In a special session that began Tuesday night and is expected to continue through Thursday, the Rhode Island General Assembly has already addressed a wide variety of issues, including bills on the state name, indoor prostitution and driving while texting. The special session marks the return of the state Senate and House to the State House after a four-month break.
The House voted Wednesday night to adopt a measure that would allow Rhode Island voters to strip the words "and Providence Plantations" from the state's official name. As a result of the vote, the decision to change the state name will now be in voters' hands in the 2010 elections.
In a June vote, the House and Senate approved different versions of the bill. The House's 52-4 vote on Wednesday remedied the difference.
Also Wednesday night, the House voted 59-8 to pass a bill to outlaw indoor prostitution in Rhode Island. The vote represents a significant step toward the measure — which includes criminal penalties for prostitutes and their customers — becoming law. Earlier in the day, the Senate Judiciary Committee approved the bill.
The legislation now awaits approval by the Senate and a signature from Governor Donald Carcieri '65, who has already said he approves of the measure.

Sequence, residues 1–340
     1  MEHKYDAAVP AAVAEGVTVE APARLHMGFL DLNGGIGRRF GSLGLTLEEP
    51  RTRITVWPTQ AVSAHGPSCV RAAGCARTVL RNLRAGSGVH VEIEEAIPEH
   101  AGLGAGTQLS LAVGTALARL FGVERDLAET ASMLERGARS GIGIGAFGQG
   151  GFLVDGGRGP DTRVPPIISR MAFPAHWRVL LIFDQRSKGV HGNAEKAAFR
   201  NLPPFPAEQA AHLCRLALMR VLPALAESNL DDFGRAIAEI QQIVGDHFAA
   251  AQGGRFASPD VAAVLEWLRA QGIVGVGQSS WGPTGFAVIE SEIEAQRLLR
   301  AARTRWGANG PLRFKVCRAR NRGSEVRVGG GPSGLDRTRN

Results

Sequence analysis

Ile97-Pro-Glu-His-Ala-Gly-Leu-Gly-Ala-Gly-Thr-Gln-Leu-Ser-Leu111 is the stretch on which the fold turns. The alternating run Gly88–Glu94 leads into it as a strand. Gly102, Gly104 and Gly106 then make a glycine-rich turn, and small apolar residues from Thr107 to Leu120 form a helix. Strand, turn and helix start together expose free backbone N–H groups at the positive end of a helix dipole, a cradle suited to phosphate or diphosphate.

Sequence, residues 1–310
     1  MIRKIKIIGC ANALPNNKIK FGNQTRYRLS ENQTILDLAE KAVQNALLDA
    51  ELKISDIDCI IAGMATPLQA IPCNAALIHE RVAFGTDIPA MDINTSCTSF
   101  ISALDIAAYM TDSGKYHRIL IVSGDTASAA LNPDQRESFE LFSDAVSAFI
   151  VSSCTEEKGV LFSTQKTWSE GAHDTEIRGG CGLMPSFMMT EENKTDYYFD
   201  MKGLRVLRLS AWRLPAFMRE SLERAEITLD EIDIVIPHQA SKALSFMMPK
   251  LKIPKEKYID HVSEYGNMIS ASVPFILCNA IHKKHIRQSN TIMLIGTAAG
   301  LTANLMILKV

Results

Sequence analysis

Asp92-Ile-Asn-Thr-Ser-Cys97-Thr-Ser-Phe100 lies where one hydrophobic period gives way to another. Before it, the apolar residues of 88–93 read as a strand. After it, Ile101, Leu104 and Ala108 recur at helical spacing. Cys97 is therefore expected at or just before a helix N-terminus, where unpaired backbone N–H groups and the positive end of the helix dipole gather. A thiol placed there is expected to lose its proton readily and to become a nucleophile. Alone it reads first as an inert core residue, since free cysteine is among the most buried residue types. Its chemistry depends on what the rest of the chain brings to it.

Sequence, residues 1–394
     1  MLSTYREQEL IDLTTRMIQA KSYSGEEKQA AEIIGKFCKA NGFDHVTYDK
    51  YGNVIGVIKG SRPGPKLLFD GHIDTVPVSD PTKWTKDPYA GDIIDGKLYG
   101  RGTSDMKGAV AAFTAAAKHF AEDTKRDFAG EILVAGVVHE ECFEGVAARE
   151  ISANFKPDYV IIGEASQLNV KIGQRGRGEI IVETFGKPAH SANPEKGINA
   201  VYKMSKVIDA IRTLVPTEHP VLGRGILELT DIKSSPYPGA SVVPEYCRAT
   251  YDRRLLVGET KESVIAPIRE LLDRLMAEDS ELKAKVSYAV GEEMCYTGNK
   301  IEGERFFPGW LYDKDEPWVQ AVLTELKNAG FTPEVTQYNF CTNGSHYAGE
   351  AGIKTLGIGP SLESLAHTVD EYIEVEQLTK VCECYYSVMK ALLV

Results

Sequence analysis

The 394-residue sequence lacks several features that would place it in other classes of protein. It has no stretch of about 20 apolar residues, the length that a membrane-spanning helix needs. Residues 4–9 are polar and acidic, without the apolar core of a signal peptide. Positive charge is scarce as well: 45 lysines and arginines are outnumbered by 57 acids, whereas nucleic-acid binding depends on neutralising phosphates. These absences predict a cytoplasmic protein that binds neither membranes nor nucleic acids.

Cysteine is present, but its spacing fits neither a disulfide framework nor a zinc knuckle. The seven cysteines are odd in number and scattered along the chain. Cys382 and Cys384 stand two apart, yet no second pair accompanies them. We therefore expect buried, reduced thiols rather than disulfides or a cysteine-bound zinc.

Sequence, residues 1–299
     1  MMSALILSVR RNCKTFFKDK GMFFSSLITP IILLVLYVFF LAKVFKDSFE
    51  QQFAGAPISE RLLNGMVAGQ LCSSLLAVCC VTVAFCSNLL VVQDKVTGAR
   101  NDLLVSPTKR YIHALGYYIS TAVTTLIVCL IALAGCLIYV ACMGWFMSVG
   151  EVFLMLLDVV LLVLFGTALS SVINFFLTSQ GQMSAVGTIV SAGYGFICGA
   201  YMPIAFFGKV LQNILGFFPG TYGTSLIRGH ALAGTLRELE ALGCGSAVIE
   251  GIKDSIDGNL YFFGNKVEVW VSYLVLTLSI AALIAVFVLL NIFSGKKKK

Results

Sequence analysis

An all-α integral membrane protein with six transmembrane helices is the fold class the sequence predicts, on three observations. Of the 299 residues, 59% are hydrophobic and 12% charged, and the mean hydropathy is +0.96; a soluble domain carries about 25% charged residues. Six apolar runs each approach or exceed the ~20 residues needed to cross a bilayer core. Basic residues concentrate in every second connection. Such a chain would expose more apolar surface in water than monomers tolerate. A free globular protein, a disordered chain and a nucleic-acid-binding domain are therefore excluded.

In another important decision, the House Corporations Committee approved a bill Wednesday that would prohibit Rhode Island drivers from text messaging while driving. A full House vote on the measure is slated for today.
Under the legislation, individuals caught texting behind the wheel would face fines of up to $85 for a first offense, $100 for a second offense and $125 for a third offense. Drivers would still be allowed to use handheld cell phones and smart phones to place phone calls.
The bill outlaws writing, sending and reading text messages while driving.
The Senate has approved the bill, which the House will vote on today.
At the end of this week's proceedings, the General Assembly will break again until January.
Any legislation that is not resolved by the end of the special session would need to be re-introduced in 2010 in order to remain active.
But despite Wednesday's full calendar, discussions are far from over. Legislative leaders have scheduled hearings or floor votes for 196 individual proposals, according to the Providence Journal.
Two bills that could cost Brown and its students millions were noticeably absent at Wednesday's session, and there are no plans to discuss the legislation today, House Spokesman Larry Berman told The Herald last night.
One bill would allow cities to assess a "student impact fee" of $150 per semester for out-of-state students who attend private colleges in Rhode Island. The other proposed legislation would allow cities to collect a fee of up to 25 percent of property taxes from nonprofits with properties valued at over $20 million.